A Field Guide to July 2018
The avian breeding season is winding down. Even a few southbound shorebirds will trickle through the region this month on their “fall” migration. But as the dawn bird chorus now fades from northern woodlands, fields and wetlands erupt in the sparkle and drama of summer insects. Here’s a short guide to some of July’s lesser known natural history.
Field Update: Mountain Birdwatch
Jason Hill sheds light on the status of Mountain Birdwatch 2018.
Prepare to be impressed.
A Plethora of PUFIs on Mansfield
VCE’s fifth weekly banding session of 2018 on Mt. Mansfield featured a plethora of Purple Finches, a bounty of Bicknell’s Thrushes, and a chance to mentor our three eager bird banding apprentices.
New Study Reveals e-Butterfly Volunteers Provide Unique and Important Data
New peer-reviewed research shows that opportunistic citizen science programs like e-Butterfly, in conjunction with professional datasets, provide unique information on species distributions and phenology which are important for understanding global change.
Give ‘Em Space: Observe Nesting Loons from a Distance
The Vermont Fish & Wildlife Department is asking boaters and anglers to enjoy loons from a safe distance this summer.
Take Part in the 2018 International Monarch Monitoring Blitz!
From July 28 to August 5, butterfly watchers across North America are invited to take part in the International Monarch Monitoring Blitz to help provide a valuable snapshot of Monarch population status across their late summer range.
Field Update: Mansfield Yields Avian Surprises
Philadelphia Vireo, Least Flycatcher, juvenile White-winged Crossbill — VCE’s third 2018 field session on Mt. Mansfield produced several notable surprises among our 61 mist net captures. The addition of our Board of Directors provided energy, enthusiasm, and learning for all.
VCE Co-sponsors Upcoming Montpelier BioBlitz
Break out the binoculars and bandstands for BioBlitz 2018: a citywide nature festival and quest to catalog every form of life within Montpelier’s boundaries.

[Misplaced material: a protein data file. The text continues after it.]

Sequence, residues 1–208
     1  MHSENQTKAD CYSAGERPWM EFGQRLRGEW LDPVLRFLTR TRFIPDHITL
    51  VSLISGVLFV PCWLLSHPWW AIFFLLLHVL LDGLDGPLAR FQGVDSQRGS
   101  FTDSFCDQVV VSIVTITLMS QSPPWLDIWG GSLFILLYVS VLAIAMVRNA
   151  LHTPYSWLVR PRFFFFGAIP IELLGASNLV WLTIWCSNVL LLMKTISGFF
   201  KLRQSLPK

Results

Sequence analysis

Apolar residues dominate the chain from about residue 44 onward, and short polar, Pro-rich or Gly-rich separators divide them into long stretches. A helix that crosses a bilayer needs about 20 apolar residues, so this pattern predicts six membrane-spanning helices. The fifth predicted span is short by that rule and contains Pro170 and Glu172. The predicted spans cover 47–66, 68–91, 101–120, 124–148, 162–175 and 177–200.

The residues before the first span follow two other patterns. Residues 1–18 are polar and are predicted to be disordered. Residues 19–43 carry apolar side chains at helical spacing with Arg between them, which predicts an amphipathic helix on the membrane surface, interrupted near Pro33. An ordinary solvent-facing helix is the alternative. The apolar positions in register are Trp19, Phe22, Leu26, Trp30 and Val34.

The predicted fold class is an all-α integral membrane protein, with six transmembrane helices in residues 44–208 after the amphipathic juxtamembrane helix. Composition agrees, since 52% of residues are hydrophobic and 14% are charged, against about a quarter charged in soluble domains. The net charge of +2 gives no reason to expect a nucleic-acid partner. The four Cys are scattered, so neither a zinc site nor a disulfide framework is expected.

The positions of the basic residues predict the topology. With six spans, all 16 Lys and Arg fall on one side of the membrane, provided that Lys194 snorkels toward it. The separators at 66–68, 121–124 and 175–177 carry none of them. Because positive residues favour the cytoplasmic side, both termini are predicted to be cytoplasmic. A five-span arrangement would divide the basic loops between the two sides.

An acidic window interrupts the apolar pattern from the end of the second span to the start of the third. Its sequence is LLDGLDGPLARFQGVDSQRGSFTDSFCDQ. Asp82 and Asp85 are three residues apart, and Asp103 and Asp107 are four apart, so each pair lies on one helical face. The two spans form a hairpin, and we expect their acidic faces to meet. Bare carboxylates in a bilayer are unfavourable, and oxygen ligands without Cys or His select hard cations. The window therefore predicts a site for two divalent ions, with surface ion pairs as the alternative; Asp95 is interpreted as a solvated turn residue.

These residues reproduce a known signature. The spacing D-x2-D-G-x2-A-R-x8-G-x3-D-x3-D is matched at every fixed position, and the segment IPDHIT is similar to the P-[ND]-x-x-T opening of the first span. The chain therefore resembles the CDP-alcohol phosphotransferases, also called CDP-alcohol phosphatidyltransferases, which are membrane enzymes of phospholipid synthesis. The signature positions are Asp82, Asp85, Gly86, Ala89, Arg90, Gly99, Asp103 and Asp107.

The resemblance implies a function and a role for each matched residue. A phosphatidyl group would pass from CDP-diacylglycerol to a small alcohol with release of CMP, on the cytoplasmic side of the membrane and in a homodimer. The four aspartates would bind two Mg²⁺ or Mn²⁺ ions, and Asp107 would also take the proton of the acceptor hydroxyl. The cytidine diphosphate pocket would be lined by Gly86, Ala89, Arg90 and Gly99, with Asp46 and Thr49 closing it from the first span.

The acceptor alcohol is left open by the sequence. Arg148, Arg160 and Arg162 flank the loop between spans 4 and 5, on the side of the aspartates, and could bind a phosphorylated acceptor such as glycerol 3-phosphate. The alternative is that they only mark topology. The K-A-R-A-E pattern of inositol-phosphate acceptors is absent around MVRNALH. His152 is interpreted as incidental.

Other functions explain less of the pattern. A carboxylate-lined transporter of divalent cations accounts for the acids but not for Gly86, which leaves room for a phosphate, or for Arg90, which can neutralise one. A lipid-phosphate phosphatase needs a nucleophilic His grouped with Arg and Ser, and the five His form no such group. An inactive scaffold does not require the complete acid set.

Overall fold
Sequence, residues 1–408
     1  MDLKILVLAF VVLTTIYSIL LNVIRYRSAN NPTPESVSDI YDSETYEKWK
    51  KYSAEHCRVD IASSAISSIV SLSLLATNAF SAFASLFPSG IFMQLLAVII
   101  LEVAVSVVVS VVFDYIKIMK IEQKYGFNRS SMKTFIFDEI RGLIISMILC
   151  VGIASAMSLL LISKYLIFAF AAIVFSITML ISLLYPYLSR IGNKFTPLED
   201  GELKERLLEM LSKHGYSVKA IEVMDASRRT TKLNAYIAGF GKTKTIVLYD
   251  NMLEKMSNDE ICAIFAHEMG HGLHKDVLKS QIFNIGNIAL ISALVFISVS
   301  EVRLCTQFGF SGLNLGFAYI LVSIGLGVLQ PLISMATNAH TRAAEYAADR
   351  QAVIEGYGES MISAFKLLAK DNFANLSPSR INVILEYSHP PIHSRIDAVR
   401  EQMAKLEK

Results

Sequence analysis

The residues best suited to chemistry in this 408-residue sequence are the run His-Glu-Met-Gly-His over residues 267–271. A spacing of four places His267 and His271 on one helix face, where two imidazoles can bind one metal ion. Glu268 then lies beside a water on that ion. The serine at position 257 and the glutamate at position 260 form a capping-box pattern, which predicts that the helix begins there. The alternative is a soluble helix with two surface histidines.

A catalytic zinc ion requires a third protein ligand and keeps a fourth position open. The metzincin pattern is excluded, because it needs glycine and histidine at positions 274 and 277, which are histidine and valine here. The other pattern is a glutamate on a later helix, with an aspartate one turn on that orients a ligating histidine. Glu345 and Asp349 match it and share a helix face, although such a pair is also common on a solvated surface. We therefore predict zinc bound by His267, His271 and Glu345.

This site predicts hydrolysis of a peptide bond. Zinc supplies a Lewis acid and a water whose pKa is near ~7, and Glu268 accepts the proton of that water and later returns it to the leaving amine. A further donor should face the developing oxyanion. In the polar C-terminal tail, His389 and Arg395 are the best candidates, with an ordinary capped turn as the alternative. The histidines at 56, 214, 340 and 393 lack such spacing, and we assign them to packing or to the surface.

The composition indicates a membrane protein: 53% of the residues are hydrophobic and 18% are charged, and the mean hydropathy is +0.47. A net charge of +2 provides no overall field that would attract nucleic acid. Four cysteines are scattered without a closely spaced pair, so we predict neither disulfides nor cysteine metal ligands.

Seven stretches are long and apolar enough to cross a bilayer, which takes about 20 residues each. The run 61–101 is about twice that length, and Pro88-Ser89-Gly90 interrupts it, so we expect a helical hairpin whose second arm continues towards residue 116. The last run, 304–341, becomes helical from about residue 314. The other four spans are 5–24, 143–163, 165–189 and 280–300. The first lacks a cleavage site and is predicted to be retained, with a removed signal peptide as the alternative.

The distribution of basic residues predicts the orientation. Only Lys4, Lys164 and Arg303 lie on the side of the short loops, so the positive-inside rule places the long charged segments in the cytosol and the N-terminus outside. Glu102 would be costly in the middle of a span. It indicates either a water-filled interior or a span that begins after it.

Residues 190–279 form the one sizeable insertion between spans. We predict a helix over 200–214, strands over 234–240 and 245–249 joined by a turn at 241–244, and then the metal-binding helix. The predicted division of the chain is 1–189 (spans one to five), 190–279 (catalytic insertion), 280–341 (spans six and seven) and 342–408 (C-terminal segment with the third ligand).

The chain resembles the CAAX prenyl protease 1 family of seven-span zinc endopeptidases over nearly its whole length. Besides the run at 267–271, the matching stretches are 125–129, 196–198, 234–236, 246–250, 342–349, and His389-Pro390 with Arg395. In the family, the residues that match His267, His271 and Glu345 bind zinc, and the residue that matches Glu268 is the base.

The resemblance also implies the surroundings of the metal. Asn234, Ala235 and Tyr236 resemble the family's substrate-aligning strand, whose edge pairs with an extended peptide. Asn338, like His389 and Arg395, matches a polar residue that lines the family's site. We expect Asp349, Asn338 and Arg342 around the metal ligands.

VCE Vlog: Field Update from the Great North Woods
VCE Director of Science John Lloyd recently emerged from the Great North Woods long enough to seek out a WiFi signal to share this brief update from the field. All of us here at VCE were relieved to see that the mosquitoes had not yet carried him away.
Grassland Ambassadors: Laughing Brook Farm
The Bobolink’s bubbly song has filled the summer fields of Julia and Greg Smist’s 100-acre farm in Westminster, VT for at least 30 years. A decade or so after buying the farm, Julia noticed fewer Bobolinks in the fields. Her observations echo a grim region-wide statistic: Bobolinks have declined by 75% in the region over the past 50 years.
Hayfield Heroes: Landowners Key to Grassland Bird Conservation
Landowners often unknowingly control the fate of migratory grassland birds, and the possibilities for providing nesting habitat vary from one piece of land, and one landowner, to the next.
Lead Fishing Tackle Detrimental to NH Loon Population
A recent study of mortality in New Hampshire loons over 24 years reveals that ingestion of lead fishing gear (primarily jigs and sinkers) is the leading cause of death among adults. This troubling discovery helped spur a regulatory ban on sale and use of lead tackle, and lead-caused loon mortality rates have since declined statewide.
VCE Study Predicts Prime Habitat for Bicknell’s Thrush
A new study led by VCE biologist Kent McFarland used statistical modelling methods to identify remaining key habitat for female Bicknell’s Thrush in the fragmented forests of the Dominican Republic. Further, this study served as the driving force to conserve additional land to expand the thrush’s wintering habitat.
VCE Launches Field Season #27 on Mt. Mansfield
VCE’s inaugural 2018 field visit to Mt. Mansfield on May 30-31 yielded good weather, some surprise mist net captures, and an enthusiastic group of visitors, who were treated to a very obliging Bicknell’s Thrush in the hand.